And you can't forget funny smart ones like I mean, "my eyes are just a little sweaty today" CLASSIC.

Of course, you've all probably seen these. Maybe once again I am woefully late in getting tuned into a wildly popular show.

The show is quite infectious. The first time I watched the whole thing I found that the music got in the way of the plot, which is what I was more interested in. Now that I have gone back and watched it all again I am begining to appreciate the music. I think it does take more than one time to get all the quick and small humor. Or, maybe thats just me.

Jermaine is one creepy looking guy, but I think that adds to it. (Because once I bought "If You're Into It" on itunes it wasn't nearly as funny to listen to because you can't see Jermaine dancing and acting like a maniac. Its sort of cringe-com tastic.) Other than that the guys are so earnest and innocent. How could you not find that endearing?

So what is the rating? (out of 10)
One thing that is amazing about this show is the accents. I mean, the accents add at least a point or two to my rating. Man, the accents are AMAZING! I find myself imitating Murray and laughing maniacally. "Well, couldn't Bret be your rapping name?" hahahahahhahahahahahhahahaah!!!

I'd probably give the show about a 7 or an 8. It doesn't have that solid emotional core like The Office which when paired with humor makes it a classic. But it is funny, and smart. Plus, the added point or two from the accents tops this show with a rating of 9. Its high, yes, but the accents really are amazing.

Love Actually

So what is this one about?
Simply, as the plot summary on tells us, Love Actually
Follows the lives of eight very different couples in dealing with their love lives in various loosely and interrelated tales all set during a frantic month before Christmas in London, England.
If you look google the movie you will find tons of more descriptive summaries, but I really implore you to watch this one yourself (if you haven't already)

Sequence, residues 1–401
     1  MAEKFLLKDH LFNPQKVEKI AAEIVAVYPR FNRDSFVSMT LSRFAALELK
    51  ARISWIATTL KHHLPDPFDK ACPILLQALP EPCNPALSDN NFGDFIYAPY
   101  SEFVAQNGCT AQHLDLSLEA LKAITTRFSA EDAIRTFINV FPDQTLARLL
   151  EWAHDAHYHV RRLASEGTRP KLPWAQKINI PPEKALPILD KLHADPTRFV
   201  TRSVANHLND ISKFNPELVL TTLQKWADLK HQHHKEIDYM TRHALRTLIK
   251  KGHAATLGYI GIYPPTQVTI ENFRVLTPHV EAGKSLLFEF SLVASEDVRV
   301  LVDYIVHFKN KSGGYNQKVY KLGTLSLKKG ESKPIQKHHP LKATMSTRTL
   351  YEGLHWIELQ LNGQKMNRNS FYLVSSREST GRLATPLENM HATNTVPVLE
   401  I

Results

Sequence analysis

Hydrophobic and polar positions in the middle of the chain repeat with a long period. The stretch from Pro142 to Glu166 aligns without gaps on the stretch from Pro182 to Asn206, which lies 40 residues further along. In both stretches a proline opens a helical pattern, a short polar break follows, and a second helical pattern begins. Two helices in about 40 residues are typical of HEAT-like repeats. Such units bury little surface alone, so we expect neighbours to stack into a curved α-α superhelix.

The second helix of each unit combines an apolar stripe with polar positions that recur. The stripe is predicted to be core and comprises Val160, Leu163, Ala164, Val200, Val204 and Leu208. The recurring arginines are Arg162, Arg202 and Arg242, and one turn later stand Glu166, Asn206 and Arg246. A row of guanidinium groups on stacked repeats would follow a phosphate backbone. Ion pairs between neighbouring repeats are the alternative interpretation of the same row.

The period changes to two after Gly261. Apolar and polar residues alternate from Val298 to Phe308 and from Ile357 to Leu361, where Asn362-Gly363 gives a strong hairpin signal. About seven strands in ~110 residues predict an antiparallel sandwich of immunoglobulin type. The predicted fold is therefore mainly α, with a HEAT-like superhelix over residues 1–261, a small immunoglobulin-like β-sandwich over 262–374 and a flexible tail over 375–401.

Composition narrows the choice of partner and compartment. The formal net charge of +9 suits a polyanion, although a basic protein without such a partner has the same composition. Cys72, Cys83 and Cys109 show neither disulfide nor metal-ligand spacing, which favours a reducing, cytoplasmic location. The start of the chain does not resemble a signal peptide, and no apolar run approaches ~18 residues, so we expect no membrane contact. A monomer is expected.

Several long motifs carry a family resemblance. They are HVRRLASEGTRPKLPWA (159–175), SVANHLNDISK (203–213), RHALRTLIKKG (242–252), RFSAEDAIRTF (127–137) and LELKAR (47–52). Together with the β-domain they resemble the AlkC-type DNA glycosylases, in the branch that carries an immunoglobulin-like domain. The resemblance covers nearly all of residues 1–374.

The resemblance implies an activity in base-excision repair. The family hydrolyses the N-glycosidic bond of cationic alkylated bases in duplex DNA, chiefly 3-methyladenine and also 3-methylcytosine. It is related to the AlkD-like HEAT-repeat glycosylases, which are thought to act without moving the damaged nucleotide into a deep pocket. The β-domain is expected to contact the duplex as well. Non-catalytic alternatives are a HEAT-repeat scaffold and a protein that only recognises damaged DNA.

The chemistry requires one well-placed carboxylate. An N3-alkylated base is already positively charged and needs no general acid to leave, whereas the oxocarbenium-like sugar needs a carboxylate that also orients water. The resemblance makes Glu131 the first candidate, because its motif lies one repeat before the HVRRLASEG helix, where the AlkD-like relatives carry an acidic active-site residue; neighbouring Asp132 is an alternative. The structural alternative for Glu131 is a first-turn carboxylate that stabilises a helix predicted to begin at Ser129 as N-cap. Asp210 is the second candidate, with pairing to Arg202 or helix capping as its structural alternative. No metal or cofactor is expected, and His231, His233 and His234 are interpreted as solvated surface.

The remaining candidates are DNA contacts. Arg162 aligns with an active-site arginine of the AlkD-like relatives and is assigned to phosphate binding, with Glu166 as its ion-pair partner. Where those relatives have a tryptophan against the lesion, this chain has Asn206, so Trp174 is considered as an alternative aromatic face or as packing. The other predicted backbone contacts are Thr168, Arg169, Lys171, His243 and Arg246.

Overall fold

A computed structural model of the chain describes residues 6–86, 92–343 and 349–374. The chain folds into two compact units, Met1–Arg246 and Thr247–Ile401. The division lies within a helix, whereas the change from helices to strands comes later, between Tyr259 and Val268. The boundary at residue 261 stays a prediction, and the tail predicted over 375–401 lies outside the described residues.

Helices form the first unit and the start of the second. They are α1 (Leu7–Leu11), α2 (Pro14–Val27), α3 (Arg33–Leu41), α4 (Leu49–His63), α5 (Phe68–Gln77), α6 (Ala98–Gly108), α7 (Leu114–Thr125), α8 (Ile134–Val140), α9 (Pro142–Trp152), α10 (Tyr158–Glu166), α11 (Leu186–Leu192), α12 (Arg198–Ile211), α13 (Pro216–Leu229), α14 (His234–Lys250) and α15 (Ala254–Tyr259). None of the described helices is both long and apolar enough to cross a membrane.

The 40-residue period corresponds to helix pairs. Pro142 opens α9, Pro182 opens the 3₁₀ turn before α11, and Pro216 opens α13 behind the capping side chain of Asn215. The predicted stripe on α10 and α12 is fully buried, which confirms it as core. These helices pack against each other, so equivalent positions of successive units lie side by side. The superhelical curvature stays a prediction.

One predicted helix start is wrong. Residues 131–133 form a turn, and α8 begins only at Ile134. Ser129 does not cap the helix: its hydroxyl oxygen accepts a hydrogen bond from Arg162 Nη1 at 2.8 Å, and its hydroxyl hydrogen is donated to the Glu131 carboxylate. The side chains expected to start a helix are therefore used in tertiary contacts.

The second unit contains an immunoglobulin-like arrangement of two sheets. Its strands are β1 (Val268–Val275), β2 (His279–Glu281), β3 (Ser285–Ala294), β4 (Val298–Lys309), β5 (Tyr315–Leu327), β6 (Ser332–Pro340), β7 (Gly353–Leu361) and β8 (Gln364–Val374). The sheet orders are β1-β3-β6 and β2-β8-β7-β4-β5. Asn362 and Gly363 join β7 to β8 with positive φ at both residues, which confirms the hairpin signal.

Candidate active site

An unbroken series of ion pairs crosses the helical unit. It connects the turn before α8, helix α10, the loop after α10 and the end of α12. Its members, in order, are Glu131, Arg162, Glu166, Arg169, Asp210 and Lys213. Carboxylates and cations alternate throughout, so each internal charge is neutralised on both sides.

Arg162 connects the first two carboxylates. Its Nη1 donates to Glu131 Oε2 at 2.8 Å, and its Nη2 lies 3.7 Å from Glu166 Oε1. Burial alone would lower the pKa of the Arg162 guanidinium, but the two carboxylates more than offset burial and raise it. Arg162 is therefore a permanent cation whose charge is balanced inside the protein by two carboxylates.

And how much did I pay to watch?
Nothing. Originally I rented it on Netflix a few years ago. But I loved it so much that I bought it for like $7.44 (or whatever that bizarrely low price is) at Target almost immediately after watching it the first time.

And what did I think?
I talk so much shit about romantic comedies. I find them to be so simplistic, idealistic, and unrealistic I can barely stand them. To add insult to injury, they are wildly popular, people love them, and dozens (maybe hundreds) of them are made every year. It is beyond my comprehension.

However, once in a very long while I will absolutely love a movie that bills itself as a romantic comedy. I die a little inside when this happens, but it is undeniable.

There are at least a half dozen love stories in this movie, but the ones that I absolutely love the most are the ones that aren't the typical romantic love stories. The one with Laura Linney (which is bizarre because normally I don't really care for her) and her brother, the one with Bill Nighy and his manager, and the one with the guy who loves Kiera Knightley, but loves his best mate more are the ones that I find most touching. Its the use of love as a theme that elevates this movie out of the realm of romantic comedy vomit to a much more touching piece about the powers of love. (Man, that one with Laura Linney is so good! [SPOILER ALERT!] She wants to be happy romantically, and she is close, but the love she has for her brother supercedes that. It makes the audience a little sad, because she could probably have both, but she chooses the one that will always be there, the one that matters more. Its really touching)

The other stories never seem wildly far-fetched and unrealistic like other romantic comedies (yes, despite my dislike for the genre I have seen other ones). They may be whimsical and unreasonable, but isn't that the point? That love is sometimes actually that way too?

It really is just a great movie. You really have to be cold, I think, to not like this one. You don't have to admit you like it, because trust me, I understand what it takes to admit it, but you'll secretly know that you do.

So what is the rating? (out of 10)
One of the things I have really had to come to terms with while thinking about movies in a new way so I can write this blog is the realization that sometimes we like movies that aren't really that good. But because we (as an audience) have some emotional connection to them we overlook their flaws. It makes me feel idiotic and girly to rate a movie like Love Actually a 10, but it is what I am going to do.

The movie fills me with such joy, and sadness (sometimes even at the same time), and gives me such an uplifting and funny movie watching experience that it could be nothing but a 10.

In my defense though, I would like to hear anyone offer some negative criticism of this one. I think it is very Forrest Gump-esque in that the story is so nice it is hard to find technical things that are wrong with it. But please, disagree with me if you can. I'd really like to hear it.

Friday, July 18, 2008

Wind Chill

So what is this one about?
Netflix hooked me on this one with the description of,